Integration across the fourth dimension

In the heavy continuous process industries, well-evolved simulation tools exist to aid in process design, but how well do they really integrate with the mechanical design tools they feed?

By Keith Larson

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By Keith Larson, VP Content, Putman Media

Keith LarsonIt’s only been in the past several years that the decades-long quest for hierarchical integration of control, execution and enterprise systems has become feasible. Innovative middleware and standardized process models finally are taking some of the headache out of enabling these disparate worlds to work productively together.

I’m not saying there isn’t plenty yet to be done along this vertical dimension of the Purdue model pyramid, but the next priority for manufacturers will be to better integrate the software-based tools—and the people that use them—along an entirely different axis. Namely, through time.

Take the design process for a typical capital project—a new line or perhaps a new plant. In the heavy continuous process industries well-evolved simulation tools exist to aid in process design, but how well do they really integrate with the mechanical design tools they feed? Do process engineers’ systems allow them to “design for constructability,” based on feedback from a plant’s mechanical design systems?

Similarly, sophisticated tools for three-dimensional plant design provide for instrumentation and control wiring and schematics—and in some cases even accommodate control system configuration—but instrumentation, control and optimization strategies still bring up the design caboose.

Now, move away from this best-case scenario in the heavy process industries and into batch/hybrid process industries. Here, the parallel design efforts of multiple machine OEMs and skid builders often must be brought together, and the integration problems are more complex and multidimensional.

In the end, it’s not just a technical integration problem, but a cultural one. Do the people responsible for upstream design functions have the vision to understand and accommodate the priorities of those downstream in the design process—even when a better outcome is ultimately at stake? Do their systems and their mindset help or hinder that end?

In many cases, it’s still over the silo wall and on to the next thing. Our quarter-to-quarter, project-to-project orientation focuses design teams on containing costs for their particular functional part of a project. There’s little incentive for fundamental process and systems changes that might require more investment upfront, but will pay off over the longer term. And, not to paint too dim a picture, this is just the design process we’ve talked about so far. Wait till the plant is built, and we get operations and maintenance’s take on how things really should have been done!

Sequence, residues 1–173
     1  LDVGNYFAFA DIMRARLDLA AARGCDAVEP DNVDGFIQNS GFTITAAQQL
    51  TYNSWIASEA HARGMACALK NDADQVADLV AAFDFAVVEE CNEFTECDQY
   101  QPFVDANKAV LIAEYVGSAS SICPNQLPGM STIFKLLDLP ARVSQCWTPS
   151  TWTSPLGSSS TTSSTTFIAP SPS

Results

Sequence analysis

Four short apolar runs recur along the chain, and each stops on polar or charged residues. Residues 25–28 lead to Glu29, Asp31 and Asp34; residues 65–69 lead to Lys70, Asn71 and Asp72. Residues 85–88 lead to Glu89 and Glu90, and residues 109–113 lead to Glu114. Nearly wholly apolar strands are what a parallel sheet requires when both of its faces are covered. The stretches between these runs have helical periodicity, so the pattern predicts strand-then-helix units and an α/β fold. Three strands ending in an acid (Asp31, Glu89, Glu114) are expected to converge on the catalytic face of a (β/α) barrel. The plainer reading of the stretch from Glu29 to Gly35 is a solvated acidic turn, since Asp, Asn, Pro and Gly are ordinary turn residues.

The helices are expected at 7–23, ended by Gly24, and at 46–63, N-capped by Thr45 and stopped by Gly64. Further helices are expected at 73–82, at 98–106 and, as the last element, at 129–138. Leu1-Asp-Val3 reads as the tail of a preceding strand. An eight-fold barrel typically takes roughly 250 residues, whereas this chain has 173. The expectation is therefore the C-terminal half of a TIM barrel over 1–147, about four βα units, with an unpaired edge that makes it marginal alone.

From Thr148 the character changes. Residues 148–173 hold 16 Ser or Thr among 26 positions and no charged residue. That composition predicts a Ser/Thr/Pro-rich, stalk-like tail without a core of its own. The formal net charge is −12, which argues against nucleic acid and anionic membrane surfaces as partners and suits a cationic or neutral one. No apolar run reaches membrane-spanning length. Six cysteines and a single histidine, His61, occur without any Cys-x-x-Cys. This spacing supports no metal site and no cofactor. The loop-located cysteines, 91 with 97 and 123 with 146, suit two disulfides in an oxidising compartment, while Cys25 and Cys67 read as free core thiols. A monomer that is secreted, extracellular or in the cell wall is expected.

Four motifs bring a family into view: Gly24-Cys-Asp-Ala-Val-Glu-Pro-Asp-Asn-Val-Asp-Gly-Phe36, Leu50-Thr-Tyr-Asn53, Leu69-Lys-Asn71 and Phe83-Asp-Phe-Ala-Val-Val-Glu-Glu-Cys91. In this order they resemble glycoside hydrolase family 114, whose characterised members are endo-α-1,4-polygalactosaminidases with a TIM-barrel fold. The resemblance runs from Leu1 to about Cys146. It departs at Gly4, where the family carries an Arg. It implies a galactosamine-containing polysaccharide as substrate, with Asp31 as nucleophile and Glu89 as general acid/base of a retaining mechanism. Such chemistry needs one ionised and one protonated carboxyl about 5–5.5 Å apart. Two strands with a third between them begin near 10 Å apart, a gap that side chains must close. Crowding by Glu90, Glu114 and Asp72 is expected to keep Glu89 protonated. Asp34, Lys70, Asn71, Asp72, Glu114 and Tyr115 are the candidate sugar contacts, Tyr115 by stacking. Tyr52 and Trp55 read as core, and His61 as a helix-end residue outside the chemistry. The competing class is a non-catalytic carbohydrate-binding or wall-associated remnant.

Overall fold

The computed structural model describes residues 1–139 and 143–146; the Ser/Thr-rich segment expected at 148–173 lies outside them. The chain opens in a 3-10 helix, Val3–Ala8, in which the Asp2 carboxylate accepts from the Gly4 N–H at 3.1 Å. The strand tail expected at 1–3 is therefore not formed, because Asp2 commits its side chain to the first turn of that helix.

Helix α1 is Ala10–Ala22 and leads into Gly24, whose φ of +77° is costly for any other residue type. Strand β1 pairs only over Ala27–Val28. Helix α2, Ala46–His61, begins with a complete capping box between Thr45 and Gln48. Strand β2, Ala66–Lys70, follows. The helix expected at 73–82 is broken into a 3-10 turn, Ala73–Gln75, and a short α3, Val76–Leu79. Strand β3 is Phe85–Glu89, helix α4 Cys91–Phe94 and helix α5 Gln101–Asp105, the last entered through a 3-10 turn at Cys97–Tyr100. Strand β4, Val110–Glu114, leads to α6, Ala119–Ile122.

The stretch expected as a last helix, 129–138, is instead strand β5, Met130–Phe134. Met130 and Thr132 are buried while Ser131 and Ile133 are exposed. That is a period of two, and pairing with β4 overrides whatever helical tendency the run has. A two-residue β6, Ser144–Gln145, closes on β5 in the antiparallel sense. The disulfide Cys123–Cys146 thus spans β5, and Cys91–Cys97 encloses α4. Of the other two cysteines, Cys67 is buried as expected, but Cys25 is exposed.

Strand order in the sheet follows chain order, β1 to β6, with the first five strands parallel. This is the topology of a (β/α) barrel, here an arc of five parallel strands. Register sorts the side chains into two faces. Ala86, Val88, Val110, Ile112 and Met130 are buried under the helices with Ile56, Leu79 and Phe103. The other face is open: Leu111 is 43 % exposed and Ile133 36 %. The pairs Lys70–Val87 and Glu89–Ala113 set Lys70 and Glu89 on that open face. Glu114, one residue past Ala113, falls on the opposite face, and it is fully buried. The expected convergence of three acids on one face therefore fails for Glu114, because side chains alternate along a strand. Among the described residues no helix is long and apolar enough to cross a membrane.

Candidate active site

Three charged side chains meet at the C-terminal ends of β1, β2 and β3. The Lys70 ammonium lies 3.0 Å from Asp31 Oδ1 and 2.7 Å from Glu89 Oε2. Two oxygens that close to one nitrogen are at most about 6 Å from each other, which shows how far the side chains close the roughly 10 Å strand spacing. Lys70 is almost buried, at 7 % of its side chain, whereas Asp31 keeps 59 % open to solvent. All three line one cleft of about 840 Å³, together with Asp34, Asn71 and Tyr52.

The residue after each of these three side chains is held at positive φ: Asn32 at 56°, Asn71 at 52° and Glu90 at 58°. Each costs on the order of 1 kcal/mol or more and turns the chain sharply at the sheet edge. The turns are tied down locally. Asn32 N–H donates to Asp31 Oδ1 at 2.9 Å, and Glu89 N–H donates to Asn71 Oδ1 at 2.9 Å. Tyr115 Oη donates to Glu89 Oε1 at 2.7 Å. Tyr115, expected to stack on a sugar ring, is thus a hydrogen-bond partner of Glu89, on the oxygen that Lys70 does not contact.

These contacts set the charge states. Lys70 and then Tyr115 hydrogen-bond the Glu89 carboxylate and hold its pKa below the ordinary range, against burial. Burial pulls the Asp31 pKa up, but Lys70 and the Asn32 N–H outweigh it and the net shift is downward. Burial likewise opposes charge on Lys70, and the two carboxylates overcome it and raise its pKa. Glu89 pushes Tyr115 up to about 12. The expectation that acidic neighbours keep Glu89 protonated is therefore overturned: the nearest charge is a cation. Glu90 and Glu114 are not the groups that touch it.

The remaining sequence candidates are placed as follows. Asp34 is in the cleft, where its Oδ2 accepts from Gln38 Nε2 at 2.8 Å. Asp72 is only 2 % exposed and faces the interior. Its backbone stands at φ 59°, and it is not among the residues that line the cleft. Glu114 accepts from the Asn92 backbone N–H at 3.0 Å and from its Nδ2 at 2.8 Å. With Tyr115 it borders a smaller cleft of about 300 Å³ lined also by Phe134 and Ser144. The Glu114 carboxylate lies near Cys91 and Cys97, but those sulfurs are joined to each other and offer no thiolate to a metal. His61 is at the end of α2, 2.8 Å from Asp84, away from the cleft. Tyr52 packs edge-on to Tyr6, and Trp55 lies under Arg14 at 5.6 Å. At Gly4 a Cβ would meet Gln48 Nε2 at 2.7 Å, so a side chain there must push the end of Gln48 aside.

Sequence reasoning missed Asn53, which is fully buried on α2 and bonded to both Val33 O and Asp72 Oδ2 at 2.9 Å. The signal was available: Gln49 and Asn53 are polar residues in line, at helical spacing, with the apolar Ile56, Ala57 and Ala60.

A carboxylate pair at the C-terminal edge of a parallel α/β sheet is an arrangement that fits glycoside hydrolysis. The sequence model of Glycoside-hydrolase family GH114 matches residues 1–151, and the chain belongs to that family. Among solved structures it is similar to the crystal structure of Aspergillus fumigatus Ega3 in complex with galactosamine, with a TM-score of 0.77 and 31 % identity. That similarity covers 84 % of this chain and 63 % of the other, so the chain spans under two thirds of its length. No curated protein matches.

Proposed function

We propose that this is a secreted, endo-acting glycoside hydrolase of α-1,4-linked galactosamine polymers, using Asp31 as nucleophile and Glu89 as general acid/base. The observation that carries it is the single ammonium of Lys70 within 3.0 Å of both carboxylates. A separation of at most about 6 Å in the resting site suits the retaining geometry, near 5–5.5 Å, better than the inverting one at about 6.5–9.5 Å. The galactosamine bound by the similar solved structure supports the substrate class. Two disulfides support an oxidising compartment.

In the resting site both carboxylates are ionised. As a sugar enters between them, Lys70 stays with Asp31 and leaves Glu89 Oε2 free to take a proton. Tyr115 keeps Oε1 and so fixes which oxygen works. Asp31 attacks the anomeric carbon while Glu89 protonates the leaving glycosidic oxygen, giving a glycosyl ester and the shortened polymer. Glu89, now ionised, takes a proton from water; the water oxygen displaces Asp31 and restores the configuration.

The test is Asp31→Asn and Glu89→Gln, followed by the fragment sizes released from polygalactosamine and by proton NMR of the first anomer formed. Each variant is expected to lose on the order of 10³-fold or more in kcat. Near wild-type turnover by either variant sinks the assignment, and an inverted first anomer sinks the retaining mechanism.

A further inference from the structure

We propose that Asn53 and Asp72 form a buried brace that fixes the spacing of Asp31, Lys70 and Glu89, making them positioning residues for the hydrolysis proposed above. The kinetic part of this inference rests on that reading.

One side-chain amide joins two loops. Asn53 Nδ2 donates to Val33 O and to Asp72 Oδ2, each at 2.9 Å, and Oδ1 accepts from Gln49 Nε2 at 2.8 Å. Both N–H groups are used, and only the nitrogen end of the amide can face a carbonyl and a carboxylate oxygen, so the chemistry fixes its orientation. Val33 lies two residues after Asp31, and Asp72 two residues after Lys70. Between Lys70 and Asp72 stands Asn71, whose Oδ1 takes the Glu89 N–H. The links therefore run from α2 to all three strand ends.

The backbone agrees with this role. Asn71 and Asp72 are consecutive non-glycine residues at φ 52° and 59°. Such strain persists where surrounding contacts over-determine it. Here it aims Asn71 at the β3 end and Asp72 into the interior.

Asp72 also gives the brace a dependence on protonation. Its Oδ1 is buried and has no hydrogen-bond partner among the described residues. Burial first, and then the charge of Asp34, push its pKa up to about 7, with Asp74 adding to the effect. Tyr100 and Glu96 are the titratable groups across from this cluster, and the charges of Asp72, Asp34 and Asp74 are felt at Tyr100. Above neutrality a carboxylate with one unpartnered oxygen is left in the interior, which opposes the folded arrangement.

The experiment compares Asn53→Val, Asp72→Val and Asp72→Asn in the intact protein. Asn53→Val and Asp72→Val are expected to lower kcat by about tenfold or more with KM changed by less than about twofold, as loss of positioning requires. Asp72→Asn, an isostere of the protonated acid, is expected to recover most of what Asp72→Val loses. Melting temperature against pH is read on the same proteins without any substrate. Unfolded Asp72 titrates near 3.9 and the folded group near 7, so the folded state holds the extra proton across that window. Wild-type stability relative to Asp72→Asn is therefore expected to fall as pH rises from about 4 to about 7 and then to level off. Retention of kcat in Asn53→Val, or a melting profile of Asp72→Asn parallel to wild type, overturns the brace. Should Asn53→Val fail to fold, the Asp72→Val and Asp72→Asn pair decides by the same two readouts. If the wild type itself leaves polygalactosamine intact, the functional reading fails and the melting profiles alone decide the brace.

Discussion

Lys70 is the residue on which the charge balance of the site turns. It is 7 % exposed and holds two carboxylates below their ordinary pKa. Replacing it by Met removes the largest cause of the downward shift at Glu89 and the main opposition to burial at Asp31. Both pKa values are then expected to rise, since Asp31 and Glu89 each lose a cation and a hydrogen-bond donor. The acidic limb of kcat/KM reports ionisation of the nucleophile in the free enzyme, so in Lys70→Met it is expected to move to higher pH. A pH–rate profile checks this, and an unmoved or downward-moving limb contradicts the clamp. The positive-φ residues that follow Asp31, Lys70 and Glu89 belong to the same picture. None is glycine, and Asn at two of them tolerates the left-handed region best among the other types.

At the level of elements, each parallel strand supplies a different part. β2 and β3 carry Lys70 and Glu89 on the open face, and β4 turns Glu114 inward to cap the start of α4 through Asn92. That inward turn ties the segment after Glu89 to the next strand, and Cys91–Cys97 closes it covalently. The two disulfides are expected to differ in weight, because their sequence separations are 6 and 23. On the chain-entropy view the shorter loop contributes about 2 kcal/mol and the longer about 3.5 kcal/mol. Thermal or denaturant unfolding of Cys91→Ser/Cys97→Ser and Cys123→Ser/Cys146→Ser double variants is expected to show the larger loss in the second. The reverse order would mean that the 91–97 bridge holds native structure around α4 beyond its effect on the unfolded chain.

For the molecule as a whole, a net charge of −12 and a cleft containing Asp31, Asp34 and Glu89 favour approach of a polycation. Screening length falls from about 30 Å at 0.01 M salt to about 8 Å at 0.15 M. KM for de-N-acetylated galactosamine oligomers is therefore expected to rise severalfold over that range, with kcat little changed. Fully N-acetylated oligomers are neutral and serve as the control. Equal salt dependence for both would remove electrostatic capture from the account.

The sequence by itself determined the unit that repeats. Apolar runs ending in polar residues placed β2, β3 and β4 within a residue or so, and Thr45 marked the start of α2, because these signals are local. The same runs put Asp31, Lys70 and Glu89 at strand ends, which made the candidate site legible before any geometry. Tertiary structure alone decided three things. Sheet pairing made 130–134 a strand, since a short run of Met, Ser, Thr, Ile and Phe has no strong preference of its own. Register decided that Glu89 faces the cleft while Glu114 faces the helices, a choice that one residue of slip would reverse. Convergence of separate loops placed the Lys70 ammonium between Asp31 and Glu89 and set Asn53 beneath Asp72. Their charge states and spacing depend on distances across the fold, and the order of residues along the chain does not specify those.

Clearly, the next frontier of systems integration is a more holistic view of design, construction, operations and maintenance processes throughout an asset’s entire life cycle. A more integrated view has the potential to bring production assets on line more quickly and efficiently, and to operate more productively throughout their useful life.

The pieces of a better way already are starting to fall in place, through such concepts as product life cycle management (PLM) and the increased uptake of mechatronics for machine design, a more interdisciplinary approach that brings simulation and automation in from the beginning. (Indeed, the recent acquisition of design software maker UGS by Siemens is another example of the recognized potential for better integration across the across the design-production engineering divide.)

Ultimately, however, full integration across the fourth dimension requires an integrated view of information associated not only with production assets, but with people and processes as well. True process optimization over time will require visibility into and analysis of unified plant data from a number of different perspectives. The genealogy of a particular end product, for example, must include its full batch record—information on the raw materials used, processing temperatures and pressures, the operators and production equipment involved, and even its supply chain experience. Similarly, intelligence tools applied to the people part of the equation are needed to identify operator performance gaps and ensure adherence to best practices. Finally, yet a different set of intelligence tools applied to the asset-centric view of plant information are needed to facilitate the enterprise’s larger asset optimization goals.

I realize you’re not yet done with your sensor-to-boardroom integration tasks—but I wanted to reassure all you Buckaroo Banzais out there that when you’re done, further integration challenges await—across the fourth dimension!

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